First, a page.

Introduction in the Outlander SeriesEdit
In September of 1745, Grey is introduced as a sixteen-year-old member of the 46th Regiment, which his brother, Lord Melton, had raised in order to restore his family's honor and prove that they were not Jacobite supporters. Acting as a forager and scout, Grey encounters Jamie and Claire Fraser near Carryarick, assuming that he was witnessing the notorious Red Jamie Fraser with an abducted English woman. Honor drives him to attempt to save her and capture Fraser, leading to a rather dismal failure. For a time Grey would be thoroughly ridiculed by his regiment and others who heard the tale. Grey's brother would later forbid his joining in the final battle at Culloden, though Grey rejoined his regiment afterward to administer the coup de grâce to any Scots left alive on the field.
On February 15, 1755, Lord John arrives in Ardsmuir, Scotland, to replace Colonel Harry Quarry as Governor of Ardsmuir Prison. He was sent there after his involvement in a hushed-up scandal. One of the prisoners under his care is Jamie Fraser, who has easily assumed a leadership role amongst the other prisoners. At the suggestion of his predecessor, Grey begins to have regular dinners with Fraser to discuss prison matters. Eventually the two strike up a tenuous friendship, with Grey developing a great, albeit unrequited, love for the other man. Upon the completion of the fortress renovations at Ardsmuir, Grey is charged with transporting the prisoners to the American colonies; however, in the case of Fraser he makes an exception, instead arranging to have him paroled at Helwater where Grey's family friends, the Dunsanys, live. Throughout Jamie's parole, Lord John visits Helwater periodically to ensure his welfare.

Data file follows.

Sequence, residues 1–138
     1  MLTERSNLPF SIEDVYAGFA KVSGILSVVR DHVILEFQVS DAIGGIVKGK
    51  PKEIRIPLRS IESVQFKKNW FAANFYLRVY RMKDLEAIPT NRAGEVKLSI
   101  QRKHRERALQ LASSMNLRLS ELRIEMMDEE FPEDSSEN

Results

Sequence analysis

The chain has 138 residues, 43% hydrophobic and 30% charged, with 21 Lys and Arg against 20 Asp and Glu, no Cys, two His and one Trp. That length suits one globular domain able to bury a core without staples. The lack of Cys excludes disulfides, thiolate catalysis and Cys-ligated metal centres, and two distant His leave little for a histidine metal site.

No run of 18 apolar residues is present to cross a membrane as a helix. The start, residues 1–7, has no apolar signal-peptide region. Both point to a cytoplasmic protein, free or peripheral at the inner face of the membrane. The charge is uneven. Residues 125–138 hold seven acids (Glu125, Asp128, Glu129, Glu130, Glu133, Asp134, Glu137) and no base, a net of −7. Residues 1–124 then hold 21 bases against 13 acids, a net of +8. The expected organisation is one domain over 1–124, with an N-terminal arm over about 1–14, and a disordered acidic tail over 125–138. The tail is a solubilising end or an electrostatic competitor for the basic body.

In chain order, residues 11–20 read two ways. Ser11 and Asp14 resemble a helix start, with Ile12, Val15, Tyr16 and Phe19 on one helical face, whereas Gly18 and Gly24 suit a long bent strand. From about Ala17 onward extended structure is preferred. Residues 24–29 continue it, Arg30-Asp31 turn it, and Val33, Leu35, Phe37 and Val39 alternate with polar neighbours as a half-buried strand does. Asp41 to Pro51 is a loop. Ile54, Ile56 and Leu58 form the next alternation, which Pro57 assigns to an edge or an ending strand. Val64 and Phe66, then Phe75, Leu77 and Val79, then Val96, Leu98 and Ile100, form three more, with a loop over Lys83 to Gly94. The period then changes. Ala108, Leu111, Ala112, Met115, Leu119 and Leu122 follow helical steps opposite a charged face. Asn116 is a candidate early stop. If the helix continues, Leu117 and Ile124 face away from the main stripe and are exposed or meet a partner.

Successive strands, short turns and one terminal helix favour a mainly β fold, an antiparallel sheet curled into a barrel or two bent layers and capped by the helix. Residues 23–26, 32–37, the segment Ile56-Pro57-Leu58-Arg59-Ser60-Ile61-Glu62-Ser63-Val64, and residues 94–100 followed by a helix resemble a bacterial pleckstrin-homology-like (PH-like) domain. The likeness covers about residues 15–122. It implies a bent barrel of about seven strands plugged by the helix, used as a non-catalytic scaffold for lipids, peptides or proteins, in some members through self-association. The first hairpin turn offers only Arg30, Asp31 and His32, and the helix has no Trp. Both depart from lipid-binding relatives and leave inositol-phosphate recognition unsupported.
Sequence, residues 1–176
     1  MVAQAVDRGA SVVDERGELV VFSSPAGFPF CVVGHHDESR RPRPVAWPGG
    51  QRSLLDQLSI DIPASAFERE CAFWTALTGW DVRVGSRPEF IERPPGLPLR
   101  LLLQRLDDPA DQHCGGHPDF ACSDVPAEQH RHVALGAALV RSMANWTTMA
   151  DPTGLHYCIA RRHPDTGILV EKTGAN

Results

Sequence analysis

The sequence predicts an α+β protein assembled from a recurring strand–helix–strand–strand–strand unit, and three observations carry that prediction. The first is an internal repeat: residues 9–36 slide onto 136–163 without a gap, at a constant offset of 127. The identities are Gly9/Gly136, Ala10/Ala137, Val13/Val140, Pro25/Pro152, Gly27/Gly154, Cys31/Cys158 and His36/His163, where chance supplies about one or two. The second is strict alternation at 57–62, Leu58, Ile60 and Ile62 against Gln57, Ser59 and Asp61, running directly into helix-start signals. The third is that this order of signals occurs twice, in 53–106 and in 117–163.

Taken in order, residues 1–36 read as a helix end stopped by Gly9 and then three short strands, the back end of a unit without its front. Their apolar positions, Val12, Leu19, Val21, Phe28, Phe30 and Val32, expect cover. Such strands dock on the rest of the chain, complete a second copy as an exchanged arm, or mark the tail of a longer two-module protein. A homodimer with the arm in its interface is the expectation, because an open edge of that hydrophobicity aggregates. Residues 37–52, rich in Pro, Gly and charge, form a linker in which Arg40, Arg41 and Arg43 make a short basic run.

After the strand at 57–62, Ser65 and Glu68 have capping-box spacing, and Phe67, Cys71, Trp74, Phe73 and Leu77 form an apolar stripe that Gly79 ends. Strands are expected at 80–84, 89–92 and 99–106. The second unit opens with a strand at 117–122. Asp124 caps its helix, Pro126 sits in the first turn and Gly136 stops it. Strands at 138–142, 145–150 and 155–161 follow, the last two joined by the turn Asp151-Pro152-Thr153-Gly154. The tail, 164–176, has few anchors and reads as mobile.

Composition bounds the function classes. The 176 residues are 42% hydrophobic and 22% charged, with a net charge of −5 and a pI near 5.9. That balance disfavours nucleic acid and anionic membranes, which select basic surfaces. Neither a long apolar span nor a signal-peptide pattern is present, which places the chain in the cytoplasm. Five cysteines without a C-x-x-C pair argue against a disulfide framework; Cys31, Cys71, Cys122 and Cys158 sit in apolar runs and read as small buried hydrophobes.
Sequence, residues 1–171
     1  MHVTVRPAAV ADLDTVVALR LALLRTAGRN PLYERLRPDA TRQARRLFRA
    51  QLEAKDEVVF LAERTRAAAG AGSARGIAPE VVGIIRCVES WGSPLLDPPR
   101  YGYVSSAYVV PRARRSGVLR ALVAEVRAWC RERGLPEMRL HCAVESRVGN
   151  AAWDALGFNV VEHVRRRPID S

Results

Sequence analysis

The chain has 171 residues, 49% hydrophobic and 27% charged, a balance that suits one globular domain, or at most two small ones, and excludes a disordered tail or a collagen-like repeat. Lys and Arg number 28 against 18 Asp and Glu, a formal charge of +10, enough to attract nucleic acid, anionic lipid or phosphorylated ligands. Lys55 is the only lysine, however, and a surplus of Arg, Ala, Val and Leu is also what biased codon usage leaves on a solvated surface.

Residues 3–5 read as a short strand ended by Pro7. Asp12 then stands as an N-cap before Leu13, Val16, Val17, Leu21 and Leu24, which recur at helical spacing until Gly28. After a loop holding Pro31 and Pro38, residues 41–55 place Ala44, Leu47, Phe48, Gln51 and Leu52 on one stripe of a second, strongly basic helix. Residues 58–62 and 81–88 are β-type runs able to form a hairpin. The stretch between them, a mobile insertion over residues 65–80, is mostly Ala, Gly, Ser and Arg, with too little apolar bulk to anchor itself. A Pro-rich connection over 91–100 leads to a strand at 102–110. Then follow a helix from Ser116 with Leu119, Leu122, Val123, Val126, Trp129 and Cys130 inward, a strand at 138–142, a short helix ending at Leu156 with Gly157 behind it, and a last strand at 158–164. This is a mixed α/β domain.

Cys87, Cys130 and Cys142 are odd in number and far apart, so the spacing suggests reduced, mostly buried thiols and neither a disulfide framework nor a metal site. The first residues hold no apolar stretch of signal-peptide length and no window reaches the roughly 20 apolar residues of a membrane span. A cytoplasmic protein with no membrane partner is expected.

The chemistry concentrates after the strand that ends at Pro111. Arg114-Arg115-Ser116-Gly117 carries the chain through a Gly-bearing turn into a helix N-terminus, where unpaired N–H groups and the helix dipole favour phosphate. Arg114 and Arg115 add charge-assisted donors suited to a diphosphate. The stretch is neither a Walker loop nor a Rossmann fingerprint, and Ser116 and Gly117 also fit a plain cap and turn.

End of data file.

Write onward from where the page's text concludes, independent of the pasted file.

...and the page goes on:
The Lord John SeriesEdit
Further Outlander Series AppearancesEdit
-- Event summary for Lord John in Voyager --
-- Event summary for Lord John in Drums of Autumn --
-- Event summary for Lord John in The Fiery Cross --
-- Event summary for Lord John in A Breath in Snow and Ashes --
-- Event summary for Lord John in A Echo in the Bone --
Lord John places great value in his relationships, from those with family and friends, to his more intimate sexual relationships.
- Lord John Grey Chronology -- No Spoilers -- Compiled by Rory Pascual. This listing compiles all of Lord John's appearances in both the Lord John series and the Outlander series, in order of occurrence and with chapters listed. This list does not contain spoilers.
- Lord John Grey Chronology -- Minor Spoilers -- Same as above, though with brief descriptions of what occurs in each particular scene.